New Malden’s South Koreans are now being joined by increasing numbers from the north, but a shared language is no guarantee of harmony

In New Malden, the Surrey high street that stretches out from the railway station taking commuters to London Waterloo is filled with signs from another land. There are Korean restaurants and supermarkets, a Korean bakery and a Korean estate agent – even a Korean acupuncture centre. When Samsung established its first European HQ, this was where it set up. The population of this quiet suburb of south-west London, estimated at about 10,000, is almost one-third South Korean.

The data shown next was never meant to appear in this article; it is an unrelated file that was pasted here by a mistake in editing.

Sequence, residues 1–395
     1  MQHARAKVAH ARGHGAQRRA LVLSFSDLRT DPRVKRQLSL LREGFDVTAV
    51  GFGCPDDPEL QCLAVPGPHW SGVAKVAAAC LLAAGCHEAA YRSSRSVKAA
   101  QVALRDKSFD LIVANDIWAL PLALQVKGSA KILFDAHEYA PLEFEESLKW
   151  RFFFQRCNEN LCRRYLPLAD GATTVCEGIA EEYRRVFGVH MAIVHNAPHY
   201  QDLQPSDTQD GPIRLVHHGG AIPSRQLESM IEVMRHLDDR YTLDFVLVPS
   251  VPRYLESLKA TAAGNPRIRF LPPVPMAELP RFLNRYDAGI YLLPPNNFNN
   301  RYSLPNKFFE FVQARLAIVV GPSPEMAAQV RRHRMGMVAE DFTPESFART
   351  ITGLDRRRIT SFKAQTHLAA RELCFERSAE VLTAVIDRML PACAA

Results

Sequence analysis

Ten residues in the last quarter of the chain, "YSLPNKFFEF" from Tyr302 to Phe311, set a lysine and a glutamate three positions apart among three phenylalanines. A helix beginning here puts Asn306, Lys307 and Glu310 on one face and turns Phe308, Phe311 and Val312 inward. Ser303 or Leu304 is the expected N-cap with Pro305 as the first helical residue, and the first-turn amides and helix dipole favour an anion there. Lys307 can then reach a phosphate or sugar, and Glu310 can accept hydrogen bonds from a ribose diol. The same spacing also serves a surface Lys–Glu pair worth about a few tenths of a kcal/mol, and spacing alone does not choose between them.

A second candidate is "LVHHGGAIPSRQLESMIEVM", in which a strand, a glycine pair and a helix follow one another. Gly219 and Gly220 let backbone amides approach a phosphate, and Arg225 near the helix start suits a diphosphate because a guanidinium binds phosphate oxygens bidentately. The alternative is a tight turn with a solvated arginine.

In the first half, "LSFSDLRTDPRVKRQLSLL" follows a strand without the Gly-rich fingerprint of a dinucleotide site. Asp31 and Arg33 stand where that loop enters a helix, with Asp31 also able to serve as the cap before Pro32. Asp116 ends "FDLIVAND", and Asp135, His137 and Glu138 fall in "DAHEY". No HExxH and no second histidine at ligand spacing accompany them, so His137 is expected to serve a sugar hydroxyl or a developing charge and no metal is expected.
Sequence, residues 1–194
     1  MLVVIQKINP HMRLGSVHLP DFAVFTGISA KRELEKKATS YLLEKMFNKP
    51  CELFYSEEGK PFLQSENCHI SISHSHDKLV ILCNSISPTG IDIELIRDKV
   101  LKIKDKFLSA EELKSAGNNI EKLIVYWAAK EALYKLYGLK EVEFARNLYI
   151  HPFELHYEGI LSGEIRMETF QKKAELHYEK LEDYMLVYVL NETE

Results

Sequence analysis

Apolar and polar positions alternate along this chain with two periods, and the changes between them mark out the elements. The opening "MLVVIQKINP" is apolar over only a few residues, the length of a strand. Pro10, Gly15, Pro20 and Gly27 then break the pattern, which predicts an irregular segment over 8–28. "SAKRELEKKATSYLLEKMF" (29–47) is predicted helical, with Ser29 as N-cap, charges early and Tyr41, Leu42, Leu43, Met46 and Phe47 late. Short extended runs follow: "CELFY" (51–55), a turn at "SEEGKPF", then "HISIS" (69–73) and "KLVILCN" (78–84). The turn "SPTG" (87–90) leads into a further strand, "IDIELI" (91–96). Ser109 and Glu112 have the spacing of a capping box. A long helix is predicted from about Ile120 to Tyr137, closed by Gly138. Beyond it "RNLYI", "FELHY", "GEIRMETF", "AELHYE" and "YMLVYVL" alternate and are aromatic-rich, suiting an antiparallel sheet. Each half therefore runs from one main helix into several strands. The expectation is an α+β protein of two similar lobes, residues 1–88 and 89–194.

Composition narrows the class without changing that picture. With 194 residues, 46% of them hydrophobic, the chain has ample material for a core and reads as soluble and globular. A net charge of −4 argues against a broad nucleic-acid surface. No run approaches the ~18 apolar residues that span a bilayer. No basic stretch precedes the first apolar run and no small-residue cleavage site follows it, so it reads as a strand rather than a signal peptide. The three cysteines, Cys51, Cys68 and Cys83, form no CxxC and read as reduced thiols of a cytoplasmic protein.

Recently, however, New Malden has emerged as the adopted home of another wave of immigrants from the Korean peninsula – those from north of the demilitarised zone. Enticed by job opportunities made easier by a shared language, the number of North Koreans living here has risen from only 20 in 2007 to…

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